Charlie Clark is the founder of VSUAL, a marketplace dedicated to selling museum-quality art prints from amazing artists. Like many good startups, Charlie created VSUAL to solve a problem he already had: drop shipping high-quality art prints.
Long before he even started thinking about VSUAL, Charlie was working on another project called The Colors of Motion. Essentially, TCOM was a data visualization project in which Charlie wrote a program that took the average color from each frame in popular movies and composted those colors together into beautiful prints. In 2015, the project won a Webby, and eventually Charlie started selling TCOM prints on Etsy.
But selling on Etsy had its own set of challenges: Charlie had to carry inventory, could only offer customers the sizes of prints that he had, and had to constantly spend time responding to purchases, packaging, and shipping prints. What he really wanted was a fully-automated, print-on-demand, full-funnel drop shipping solution… a solution which didn’t really exist.
Undeterred, Charlie built a website for selling his prints. He found printers he trusted, worked with their APIs, and managed to piece together an online store that worked with practically no ongoing intervention. And, in the process, he realized the problem he was solving wasn’t exactly unique.
TCOM was a side project, but it was successful enough to convince Charlie that there was a real business to be had in building an art print marketplace. In the Spring of 2019, Charlie left his primary job, and, armed with his relationships with printers and a keen visual eye, spent the next six months building VSUAL before soft launching it to his circle of friends.
Despite launching only four months ago, over 200 artists have applied to open shops on VSUAL. Over 1800 original artworks are listed and over 300 more are being added each week. While VSUAL may still be in its infancy, it’s already helping hundreds of artists make money selling their art online.
Charlie is a great person to teach other entrepreneurs about bringing their ideas to life because he did it: every step of the way, he identified opportunities and addressed them. His story is that of the quintessential problem-solver, and VSUAL is as much a business as it is the solution to his biggest problems.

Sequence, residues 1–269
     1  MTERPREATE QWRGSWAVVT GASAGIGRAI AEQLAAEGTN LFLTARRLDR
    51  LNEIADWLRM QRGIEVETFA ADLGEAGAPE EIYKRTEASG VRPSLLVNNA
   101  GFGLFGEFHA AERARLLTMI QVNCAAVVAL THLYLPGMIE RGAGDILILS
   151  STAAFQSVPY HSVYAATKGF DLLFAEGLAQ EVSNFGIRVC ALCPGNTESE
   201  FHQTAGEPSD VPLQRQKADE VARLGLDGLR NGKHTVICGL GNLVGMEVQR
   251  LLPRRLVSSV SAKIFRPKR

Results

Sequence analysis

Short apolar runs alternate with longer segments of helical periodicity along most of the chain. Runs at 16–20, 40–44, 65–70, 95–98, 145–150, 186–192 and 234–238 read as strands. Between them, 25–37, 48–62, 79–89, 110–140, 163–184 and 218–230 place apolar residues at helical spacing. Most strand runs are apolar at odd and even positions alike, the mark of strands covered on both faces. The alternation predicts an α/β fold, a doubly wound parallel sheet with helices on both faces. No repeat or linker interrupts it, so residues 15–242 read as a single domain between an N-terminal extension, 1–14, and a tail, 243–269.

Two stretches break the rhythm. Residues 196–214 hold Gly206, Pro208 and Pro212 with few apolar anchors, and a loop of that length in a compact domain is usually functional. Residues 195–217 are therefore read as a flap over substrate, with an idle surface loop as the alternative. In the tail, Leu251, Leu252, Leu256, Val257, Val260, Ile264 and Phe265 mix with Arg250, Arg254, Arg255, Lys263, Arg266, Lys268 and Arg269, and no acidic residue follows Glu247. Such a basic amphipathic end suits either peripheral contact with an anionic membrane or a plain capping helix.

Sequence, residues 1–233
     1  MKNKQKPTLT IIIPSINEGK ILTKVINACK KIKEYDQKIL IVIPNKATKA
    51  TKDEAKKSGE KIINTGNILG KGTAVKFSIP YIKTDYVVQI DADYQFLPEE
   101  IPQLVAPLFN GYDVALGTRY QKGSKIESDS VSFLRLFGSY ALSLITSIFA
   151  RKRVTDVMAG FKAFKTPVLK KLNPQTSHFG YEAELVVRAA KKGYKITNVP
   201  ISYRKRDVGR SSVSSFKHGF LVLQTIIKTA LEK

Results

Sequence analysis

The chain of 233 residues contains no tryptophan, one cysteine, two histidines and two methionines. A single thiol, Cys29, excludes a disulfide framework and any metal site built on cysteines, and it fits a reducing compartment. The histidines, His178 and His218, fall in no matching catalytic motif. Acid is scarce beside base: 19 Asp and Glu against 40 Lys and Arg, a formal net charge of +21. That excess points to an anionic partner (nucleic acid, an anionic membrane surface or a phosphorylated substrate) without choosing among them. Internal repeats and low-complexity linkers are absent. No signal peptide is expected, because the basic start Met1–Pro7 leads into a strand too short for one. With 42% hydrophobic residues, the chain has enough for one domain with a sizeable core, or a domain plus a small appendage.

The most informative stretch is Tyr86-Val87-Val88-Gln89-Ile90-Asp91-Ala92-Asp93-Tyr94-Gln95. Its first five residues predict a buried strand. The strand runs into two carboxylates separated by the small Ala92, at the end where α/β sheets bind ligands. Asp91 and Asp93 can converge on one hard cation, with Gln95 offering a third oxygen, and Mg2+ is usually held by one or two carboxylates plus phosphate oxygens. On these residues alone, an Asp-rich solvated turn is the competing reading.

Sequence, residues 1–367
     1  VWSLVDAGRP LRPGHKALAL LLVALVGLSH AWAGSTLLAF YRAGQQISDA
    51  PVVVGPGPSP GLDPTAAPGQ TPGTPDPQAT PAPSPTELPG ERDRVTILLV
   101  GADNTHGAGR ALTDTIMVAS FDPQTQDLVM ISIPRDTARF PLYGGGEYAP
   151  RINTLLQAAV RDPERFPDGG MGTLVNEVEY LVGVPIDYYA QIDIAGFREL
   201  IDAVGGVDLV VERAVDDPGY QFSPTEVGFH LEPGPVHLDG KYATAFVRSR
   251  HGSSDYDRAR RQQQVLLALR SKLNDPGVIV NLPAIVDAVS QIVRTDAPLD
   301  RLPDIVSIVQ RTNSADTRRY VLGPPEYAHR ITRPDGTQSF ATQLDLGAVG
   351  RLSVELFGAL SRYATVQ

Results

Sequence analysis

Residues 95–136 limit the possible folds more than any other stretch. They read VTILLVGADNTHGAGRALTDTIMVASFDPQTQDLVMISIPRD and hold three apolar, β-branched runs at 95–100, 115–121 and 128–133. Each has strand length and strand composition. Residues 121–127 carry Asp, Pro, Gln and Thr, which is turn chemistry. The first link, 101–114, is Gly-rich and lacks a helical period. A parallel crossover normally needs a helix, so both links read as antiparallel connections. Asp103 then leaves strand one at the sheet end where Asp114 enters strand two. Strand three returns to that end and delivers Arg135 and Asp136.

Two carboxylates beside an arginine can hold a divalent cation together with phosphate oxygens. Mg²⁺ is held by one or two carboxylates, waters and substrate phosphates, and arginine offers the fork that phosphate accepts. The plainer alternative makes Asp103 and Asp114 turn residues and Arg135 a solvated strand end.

Where did the idea for The Colors of Motion and VSUAL come from?
A few years ago I built and launched a project called “The Colors of Motion” where I turned the colors of various movies into fun data visualizations. The project was a success, and people started asking me if they could buy prints. Initially I was selling the posters on Etsy and handling printing, packaging and shipping myself, but that quickly became unmanageable. Next, I started looking at existing print on demand marketplaces, but was really disappointed by the quality of the prints. That’s when I came up with the idea for VSUAL: A premium print on demand marketplace focused on high quality artwork, where artists and art enthusiasts can buy and sell with confidence.
What does your typical day look like and how do you make it productive?
I typically wake up around 7:30am, and the first thing I do is make myself a cappuccino. I used to really struggle getting up in the morning, but a few years ago my partner got me a nice espresso machine for Christmas, which really changed my mornings. Now I look forward to getting up and going through the process of grinding the coffee beans, steaming the milk and brewing the espresso. It takes longer than making a standard cup of coffee, and it’s trickier to master, but it’s also more fun and rewarding when you get it right. This little morning ritual wakes me up and gets me in the right mindset to start working.
How do you bring ideas to life?
When I have an idea, I usually start by sketching it out in a notebook. If I’m feeling excited about an idea, I’ll do some research to make sure it’s not something that’s been done before (or at least that I can bring some new value or perspective) and then I jump straight into building it. I’m a software engineer with a design background and feel pretty comfortable executing most small to medium projects on my own, so I usually try to put out an MVP of my idea as quickly as possible. Once I feel good enough about the thing I’ve built, I’ll share it on Twitter, Reddit and with friends and family to start getting feedback. From that point, depending if I feel the project has legs, I’ll continue to iterate and do a more formal launch on Product Hunt.
What’s one trend that excites you?